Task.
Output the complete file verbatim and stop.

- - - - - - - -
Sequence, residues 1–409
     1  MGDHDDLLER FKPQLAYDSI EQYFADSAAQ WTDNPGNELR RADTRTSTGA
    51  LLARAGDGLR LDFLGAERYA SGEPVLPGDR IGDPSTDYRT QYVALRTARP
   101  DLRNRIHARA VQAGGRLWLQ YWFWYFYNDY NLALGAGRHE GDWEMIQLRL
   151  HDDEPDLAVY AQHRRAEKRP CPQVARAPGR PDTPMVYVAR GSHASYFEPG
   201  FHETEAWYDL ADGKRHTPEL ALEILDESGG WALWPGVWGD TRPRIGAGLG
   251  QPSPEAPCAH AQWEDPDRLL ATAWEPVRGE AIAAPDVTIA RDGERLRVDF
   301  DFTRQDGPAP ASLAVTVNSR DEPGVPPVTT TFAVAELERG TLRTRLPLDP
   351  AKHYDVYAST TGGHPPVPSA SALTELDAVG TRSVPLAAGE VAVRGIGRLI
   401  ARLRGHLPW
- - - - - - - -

Sequence, residues 1–409
     1  MGDHDDLLER FKPQLAYDSI EQYFADSAAQ WTDNPGNELR RADTRTSTGA
    51  LLARAGDGLR LDFLGAERYA SGEPVLPGDR IGDPSTDYRT QYVALRTARP
   101  DLRNRIHARA VQAGGRLWLQ YWFWYFYNDY NLALGAGRHE GDWEMIQLRL
   151  HDDEPDLAVY AQHRRAEKRP CPQVARAPGR PDTPMVYVAR GSHASYFEPG
   201  FHETEAWYDL ADGKRHTPEL ALEILDESGG WALWPGVWGD TRPRIGAGLG
   251  QPSPEAPCAH AQWEDPDRLL ATAWEPVRGE AIAAPDVTIA RDGERLRVDF
   301  DFTRQDGPAP ASLAVTVNSR DEPGVPPVTT TFAVAELERG TLRTRLPLDP
   351  AKHYDVYAST TGGHPPVPSA SALTELDAVG TRSVPLAAGE VAVRGIGRLI
   401  ARLRGHLPW